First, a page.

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China Scores a Victory In the New Battle of the South Pacific

China Scores a Victory In the New Battle of the South Pacific

Friday, 29 April, 2022 - 04:00

My first command as a US Navy captain was leading a squadron of warships in the western Pacific in the late 1990s. It included a flagship cruiser, the Valley Forge, a Spruance-class destroyer, two frigates (one Canadian) and three brand-new Arleigh Burke-class guided-missile destroyers.

Destroyer Squadron 21 had been formed in 1943 and nicknamed “The Rampant Lions” (as commodore, I was jocularly called the “Lion King”). It had a strong combat record, and was honored with the motto “Solomons Onward,” recognizing the desperate fighting near Guadalcanal in the British protectorate of the Solomon Islands in World War II. I often reflected on the deep lineage of my command — grounded in the longtime relationship between the US Navy and the islands of the southwestern Pacific.

I was therefore surprised and disappointed when the government of the Solomon Islands announced this month a security pact with China, which could potentially provide immense strategic benefit to Beijing. The top US official focused on the Pacific, Kurt Campbell of the National Security Council, visited the island’s capital of Honiara this week and met with Prime Minister Manasseh Sogavare, but it may be too late to derail the agreement.

America’s leading allies in the South Pacific — Australia and New Zealand — are equally concerned. The details of the security arrangement are murky, but a draft circulating online indicates China will be able to send military forces to the Solomons for training and operations, and conduct routine port visits.

Coming on top of China’s gradual encroachments in the South China Sea and elsewhere, the Solomons agreement is seen by the Pentagon’s Indo-Pacific command as a direct threat to the security of the US and its allies in the region. It would give China a forward military location roughly 1,200 miles from northern Australia.

Just as the US fought the Japanese empire to protect the sea lanes of communication to Australia in the early days of World War II, Chinese naval operations from the Solomons could threaten US supply lines in any conflict with Beijing.

In response, the Chinese have been quick to point to the powerful constellation of American military bases throughout the Pacific, as well as the growing influence of Quad, a loose alignment between Australia, Japan, India and the US that is focused on balancing a rising China throughout the Indo-Pacific.

Following the meeting with Campbell, Solomon Islands officials assured the US that there would be no permanent Chinese military base, nor would offensive military operations be permitted. But the unease in Washington continues, and there is controversy in Australia as the government debates who “lost” the Solomons.

Several warning signs were missed. In 2019, the Solomons reversed decades of diplomatic ties with Taiwan and recognized Beijing. Last fall, riots in the capital killed four people and precipitated an Australian peacekeeping mission. The leader of the Solomons’ opposition party says he warned the Australians of the pending Chinese deal months ago. But there was no coordinated response among the US and its Pacific allies.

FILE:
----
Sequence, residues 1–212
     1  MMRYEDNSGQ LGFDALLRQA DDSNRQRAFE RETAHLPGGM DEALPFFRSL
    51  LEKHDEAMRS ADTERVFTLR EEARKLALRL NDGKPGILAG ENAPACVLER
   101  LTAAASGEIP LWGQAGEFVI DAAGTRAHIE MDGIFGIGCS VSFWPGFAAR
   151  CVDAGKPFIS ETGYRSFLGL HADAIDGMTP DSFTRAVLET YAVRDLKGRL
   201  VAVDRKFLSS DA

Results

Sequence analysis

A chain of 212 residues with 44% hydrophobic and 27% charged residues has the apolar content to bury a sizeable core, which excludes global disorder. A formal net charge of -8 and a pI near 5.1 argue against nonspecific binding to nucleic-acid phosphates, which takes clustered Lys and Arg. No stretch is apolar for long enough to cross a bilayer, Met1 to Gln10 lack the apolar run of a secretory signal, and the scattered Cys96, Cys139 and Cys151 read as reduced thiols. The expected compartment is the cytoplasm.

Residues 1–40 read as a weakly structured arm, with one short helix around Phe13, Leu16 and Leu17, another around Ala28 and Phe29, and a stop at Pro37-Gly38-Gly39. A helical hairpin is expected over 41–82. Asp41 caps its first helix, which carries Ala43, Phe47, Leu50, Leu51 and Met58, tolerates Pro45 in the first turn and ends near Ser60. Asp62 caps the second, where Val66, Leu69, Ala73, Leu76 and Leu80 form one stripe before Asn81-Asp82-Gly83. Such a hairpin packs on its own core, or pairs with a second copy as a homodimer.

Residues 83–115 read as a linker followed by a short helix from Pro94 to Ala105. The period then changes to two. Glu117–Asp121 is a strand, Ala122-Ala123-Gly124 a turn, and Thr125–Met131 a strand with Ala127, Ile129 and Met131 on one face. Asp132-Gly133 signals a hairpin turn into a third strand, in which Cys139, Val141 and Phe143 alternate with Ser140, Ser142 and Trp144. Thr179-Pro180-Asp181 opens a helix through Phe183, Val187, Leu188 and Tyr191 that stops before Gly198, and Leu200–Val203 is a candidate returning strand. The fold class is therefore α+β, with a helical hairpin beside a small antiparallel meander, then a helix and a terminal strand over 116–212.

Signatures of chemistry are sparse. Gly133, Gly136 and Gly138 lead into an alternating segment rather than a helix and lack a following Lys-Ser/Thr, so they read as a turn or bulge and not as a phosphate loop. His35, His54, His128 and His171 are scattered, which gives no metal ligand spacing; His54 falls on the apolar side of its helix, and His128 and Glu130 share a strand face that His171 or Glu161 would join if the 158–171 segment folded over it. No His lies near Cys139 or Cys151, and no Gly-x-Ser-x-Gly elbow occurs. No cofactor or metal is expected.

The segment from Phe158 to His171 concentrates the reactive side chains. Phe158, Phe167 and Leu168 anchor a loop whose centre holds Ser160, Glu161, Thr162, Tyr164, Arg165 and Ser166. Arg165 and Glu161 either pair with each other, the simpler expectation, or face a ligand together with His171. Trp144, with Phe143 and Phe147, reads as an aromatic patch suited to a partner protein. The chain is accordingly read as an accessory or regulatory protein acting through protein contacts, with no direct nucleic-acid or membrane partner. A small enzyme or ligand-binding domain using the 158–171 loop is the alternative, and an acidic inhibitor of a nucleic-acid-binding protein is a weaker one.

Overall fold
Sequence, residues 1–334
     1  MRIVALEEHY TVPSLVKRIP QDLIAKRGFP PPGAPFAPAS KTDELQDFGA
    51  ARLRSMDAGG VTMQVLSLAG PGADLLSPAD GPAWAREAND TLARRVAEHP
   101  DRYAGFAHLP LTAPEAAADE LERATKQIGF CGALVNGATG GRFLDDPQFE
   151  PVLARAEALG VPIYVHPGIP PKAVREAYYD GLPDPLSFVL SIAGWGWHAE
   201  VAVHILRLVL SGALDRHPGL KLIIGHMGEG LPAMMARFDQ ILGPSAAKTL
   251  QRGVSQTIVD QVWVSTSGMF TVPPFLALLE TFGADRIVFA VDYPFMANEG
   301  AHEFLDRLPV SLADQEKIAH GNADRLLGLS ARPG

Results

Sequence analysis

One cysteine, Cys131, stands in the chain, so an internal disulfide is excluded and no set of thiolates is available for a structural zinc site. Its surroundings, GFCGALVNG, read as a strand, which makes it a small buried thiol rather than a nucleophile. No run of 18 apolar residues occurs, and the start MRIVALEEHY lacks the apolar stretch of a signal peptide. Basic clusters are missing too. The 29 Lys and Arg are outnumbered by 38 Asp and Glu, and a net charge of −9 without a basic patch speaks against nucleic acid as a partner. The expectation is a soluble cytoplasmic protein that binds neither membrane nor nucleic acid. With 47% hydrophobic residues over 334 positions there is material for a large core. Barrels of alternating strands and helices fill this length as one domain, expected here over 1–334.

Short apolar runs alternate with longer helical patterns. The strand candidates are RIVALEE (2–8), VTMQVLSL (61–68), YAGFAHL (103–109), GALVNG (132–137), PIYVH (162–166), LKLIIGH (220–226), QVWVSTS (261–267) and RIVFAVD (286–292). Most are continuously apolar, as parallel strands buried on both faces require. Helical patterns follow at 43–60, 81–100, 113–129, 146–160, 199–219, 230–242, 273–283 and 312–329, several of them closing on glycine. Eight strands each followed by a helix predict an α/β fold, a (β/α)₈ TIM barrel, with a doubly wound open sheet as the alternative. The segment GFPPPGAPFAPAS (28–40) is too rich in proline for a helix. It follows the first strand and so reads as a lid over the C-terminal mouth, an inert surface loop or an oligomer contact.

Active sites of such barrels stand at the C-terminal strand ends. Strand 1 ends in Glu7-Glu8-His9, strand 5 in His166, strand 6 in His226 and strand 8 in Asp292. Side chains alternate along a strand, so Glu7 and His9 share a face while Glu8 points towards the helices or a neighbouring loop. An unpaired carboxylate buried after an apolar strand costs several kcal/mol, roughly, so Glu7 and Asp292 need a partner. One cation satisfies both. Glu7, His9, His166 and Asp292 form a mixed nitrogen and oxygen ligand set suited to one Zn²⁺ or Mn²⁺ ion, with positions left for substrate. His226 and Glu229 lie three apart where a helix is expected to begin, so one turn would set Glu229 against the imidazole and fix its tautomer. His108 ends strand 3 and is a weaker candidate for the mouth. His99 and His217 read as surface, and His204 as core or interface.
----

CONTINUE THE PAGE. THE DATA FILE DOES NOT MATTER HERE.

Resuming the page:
Now they are playing catch-up. In addition to sending the high-level delegation, the US has committed to reopening its embassy, which was shuttered in 1993. (Diplomacy has since been handled out of the embassy in nearby Papua New Guinea). But there are additional ways for Washington to put more effort into the relationship with the Solomons.

Militarily, the US Indo-Pacific command should team with regional partners (particularly Australia) in conducting security training with Solomons’ forces. One step would be sending a US Coast Guard cutter for law-enforcement and fisheries training (ships from China, Vietnam and elsewhere have been harvesting seafood illegally in the area for years). We should also structure a reasonable package of economic and trade incentives.

Washington could encourage Australia to revise its offshore refugee policies that have generated backlash in the region. A visit by the huge US hospital ship Mercy, too, might be a good signal to a population lacking quality medical care.

At the heart of the problem is a sense that the US and Australia simply relied on history to keep the Solomon Islands close. China, using its Belt and Road initiative, played a better hand, and will look to use its economic might to win over additional small Pacific nations.

As I have written before, the US and China are competing in a marketplace of ideas, and Washington must recognize the need to compete to win friends — especially in geopolitically critical but largely forgotten locations like the South Pacific.

The historical relationships between the US, Australia and the Solomon Islands are real but insufficient. Great-power rivalry with China demands that the US tend the garden of allies, partners and friends or risk alienating them — not only in the southwestern Pacific, but in Latin America and sub-Saharan Africa. “Losing” the Solomon Islands is a cautionary tale.


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